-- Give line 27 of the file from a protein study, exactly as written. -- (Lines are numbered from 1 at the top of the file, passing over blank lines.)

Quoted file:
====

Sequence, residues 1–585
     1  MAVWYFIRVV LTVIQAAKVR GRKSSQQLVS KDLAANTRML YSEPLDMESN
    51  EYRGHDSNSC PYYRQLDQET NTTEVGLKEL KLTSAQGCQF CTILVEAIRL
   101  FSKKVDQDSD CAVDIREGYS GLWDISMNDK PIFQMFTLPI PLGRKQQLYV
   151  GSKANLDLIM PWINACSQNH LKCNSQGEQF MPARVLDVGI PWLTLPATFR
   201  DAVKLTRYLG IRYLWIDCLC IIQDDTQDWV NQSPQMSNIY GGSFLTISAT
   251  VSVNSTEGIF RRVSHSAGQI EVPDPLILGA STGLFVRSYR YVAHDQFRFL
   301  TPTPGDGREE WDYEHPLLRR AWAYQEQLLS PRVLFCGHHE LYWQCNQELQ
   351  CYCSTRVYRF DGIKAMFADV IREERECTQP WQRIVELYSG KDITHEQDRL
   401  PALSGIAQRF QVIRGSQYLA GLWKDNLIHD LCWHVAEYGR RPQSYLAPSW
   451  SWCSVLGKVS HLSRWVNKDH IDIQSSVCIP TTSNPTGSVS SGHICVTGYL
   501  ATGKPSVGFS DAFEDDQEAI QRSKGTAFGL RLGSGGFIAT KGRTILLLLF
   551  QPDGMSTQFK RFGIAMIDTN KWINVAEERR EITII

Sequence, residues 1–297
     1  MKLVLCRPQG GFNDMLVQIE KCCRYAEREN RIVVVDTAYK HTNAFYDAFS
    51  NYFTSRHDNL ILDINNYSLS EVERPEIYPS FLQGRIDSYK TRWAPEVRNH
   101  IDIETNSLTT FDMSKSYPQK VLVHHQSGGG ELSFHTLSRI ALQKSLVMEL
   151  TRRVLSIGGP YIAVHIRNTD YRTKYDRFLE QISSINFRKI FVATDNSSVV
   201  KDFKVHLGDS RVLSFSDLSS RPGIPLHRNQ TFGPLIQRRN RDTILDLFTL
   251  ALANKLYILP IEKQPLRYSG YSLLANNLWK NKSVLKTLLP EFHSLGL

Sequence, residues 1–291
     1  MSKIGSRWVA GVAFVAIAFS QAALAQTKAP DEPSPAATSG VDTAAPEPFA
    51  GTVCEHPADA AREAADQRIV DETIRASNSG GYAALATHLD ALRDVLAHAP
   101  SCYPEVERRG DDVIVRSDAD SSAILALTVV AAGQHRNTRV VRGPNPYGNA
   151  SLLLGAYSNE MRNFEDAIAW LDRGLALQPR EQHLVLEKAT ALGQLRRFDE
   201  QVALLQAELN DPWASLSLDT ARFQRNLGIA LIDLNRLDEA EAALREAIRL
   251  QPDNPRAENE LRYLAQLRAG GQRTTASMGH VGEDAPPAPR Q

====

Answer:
   251  QPDNPRAENE LRYLAQLRAG GQRTTASMGH VGEDAPPAPR Q